Political parties were banned in Libya from 1972 until the collapse of the Gaddafi government, and all elections were nonpartisan under law. However during the revolution, the National Transitional Council (NTC), a body formed on 27 February 2011 by anti-Gaddafi forces to act as the "political face of the revolution", made the introduction of multiparty democracy a cornerstone of its agenda. In June 2011, Saif al-Islam Gaddafi said his father would agree to internationally monitored general elections, and would step down if he lost them, but his offer was refused by the rebels and ignored by the UN Security Council.[4]

On 8 March, the NTC issued a statement in which it declared itself to be the "sole representative all over Libya".[5] The council formed an interim governing body on 23 March. As of 20 October 100 countries declared full support to the council by severing all relations with Gaddafi's rule and recognizing the National Transitional Council as the rightful representative of Libya.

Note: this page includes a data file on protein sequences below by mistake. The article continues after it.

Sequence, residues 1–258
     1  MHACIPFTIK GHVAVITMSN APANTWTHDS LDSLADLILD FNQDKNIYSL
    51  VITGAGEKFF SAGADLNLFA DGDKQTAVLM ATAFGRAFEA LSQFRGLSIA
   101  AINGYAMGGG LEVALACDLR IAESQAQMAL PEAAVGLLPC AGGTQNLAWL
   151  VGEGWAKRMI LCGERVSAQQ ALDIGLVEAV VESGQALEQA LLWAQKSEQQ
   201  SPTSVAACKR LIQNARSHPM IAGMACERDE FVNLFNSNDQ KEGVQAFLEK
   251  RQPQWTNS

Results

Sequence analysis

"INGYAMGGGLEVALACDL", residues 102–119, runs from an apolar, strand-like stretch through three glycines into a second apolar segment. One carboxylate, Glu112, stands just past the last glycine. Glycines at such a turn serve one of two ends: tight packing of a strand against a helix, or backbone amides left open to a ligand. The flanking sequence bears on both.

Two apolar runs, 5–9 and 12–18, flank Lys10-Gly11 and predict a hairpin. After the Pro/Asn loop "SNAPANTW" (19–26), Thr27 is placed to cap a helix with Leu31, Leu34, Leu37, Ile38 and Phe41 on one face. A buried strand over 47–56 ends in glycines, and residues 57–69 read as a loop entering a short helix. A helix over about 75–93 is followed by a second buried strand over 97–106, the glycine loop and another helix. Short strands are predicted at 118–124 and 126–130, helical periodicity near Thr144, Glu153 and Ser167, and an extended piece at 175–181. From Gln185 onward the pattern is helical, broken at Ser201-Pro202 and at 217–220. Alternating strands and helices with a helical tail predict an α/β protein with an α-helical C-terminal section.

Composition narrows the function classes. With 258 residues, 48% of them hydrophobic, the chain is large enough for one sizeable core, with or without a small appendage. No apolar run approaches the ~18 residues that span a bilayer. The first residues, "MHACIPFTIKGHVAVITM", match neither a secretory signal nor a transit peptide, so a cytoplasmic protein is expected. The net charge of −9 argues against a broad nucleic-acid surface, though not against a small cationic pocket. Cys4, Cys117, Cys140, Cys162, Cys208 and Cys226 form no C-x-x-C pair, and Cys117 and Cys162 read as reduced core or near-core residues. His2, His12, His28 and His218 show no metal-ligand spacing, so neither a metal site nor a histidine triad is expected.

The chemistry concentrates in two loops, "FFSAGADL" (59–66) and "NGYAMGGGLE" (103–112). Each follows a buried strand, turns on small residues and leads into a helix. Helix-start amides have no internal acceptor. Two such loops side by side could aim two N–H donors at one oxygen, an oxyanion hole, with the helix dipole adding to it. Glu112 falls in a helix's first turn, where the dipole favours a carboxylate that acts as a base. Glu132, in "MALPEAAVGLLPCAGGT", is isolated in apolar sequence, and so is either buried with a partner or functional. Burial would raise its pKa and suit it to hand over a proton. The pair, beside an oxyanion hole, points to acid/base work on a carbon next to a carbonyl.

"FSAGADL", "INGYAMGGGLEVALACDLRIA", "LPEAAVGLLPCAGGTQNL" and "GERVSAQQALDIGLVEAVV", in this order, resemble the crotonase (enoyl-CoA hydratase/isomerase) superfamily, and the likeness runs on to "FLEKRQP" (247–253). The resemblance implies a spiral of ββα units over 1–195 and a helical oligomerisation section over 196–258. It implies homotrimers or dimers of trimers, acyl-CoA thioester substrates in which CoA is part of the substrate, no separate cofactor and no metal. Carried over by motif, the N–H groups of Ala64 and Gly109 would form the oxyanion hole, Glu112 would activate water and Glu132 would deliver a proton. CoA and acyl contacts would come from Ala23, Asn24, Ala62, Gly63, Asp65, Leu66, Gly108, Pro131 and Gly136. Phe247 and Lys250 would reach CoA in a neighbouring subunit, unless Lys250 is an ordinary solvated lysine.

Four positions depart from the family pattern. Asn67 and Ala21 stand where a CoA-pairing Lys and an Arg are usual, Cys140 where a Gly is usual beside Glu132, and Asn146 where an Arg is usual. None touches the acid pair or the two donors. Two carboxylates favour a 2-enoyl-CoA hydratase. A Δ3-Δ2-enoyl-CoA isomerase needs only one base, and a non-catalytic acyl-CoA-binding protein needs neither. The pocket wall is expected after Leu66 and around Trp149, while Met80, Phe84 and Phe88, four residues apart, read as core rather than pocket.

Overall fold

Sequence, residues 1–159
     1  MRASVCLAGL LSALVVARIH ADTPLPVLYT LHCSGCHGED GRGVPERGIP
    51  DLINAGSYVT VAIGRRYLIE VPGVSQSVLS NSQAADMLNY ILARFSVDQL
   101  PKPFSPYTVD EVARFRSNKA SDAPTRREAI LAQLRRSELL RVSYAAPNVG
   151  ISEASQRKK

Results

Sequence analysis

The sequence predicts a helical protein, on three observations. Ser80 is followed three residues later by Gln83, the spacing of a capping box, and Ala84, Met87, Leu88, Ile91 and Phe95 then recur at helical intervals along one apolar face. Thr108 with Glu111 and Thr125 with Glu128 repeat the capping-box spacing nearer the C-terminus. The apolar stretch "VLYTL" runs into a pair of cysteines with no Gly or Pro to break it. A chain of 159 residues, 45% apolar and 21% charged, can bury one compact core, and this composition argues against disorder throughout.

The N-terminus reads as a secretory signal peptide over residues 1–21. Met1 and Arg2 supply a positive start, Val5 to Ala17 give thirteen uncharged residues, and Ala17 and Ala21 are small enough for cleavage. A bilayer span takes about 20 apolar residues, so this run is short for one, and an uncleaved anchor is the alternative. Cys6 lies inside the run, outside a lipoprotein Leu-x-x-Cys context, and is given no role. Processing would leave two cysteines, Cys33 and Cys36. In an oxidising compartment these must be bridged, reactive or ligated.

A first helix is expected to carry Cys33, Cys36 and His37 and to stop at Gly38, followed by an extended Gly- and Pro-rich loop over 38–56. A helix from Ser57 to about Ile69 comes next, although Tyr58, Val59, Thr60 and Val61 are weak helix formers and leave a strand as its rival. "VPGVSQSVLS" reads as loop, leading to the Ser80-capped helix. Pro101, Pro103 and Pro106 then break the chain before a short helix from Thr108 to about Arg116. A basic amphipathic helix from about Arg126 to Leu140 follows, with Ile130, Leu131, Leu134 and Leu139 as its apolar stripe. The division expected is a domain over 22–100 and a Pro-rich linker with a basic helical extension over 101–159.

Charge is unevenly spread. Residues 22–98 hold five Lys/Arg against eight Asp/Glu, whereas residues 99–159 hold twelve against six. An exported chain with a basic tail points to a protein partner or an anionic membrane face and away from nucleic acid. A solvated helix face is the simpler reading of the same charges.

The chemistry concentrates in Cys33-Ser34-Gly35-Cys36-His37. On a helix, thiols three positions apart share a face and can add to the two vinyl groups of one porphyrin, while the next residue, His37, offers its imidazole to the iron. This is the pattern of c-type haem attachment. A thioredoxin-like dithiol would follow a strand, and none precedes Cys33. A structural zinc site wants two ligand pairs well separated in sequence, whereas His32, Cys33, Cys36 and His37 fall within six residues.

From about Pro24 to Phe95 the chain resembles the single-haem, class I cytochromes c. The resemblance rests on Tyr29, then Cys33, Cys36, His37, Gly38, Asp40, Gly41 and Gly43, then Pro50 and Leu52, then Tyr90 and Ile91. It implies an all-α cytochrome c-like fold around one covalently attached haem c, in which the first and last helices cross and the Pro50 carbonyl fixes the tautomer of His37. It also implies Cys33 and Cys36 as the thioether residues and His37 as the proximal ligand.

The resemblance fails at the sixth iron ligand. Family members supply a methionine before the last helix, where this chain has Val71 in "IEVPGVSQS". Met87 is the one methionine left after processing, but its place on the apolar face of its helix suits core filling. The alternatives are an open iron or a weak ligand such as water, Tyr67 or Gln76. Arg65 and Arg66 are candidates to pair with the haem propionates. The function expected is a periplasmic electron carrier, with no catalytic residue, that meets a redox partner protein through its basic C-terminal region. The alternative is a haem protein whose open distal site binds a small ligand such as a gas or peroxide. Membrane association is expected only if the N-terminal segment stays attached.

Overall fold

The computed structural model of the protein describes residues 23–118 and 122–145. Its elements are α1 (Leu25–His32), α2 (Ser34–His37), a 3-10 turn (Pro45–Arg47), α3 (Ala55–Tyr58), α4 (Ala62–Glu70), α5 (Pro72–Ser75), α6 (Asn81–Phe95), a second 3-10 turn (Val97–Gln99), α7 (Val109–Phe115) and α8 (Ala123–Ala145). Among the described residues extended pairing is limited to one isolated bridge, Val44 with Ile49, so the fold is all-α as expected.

On 3 August 2011, the NTC issued a Constitutional Declaration which declared the statehood of Libya as a democracy with Islam as its state religion, in which the state guarantees the rule of law and an independent judiciary as well as civic and human basic rights (including freedom of religion and women's rights), and which contains provisions for a phase of transition to a presidential republic with an elected national assembly and a democratically legitimized constitution by 2013. Vice Chairman Abdul Hafiz Ghoga declared Libya to be "liberated" on 23 October 2011, announcing an official end to the war. Chairman Mustafa Abdul Jalil said Libya would become an Islamic democracy in the wake of Gaddafi's death, though the extent of Islamic law's influence would be determined by elected lawmakers.[6] Ghoga later confirmed that Libya will continue to adhere to all international agreements to which it was signatory prior to the uprising.[7]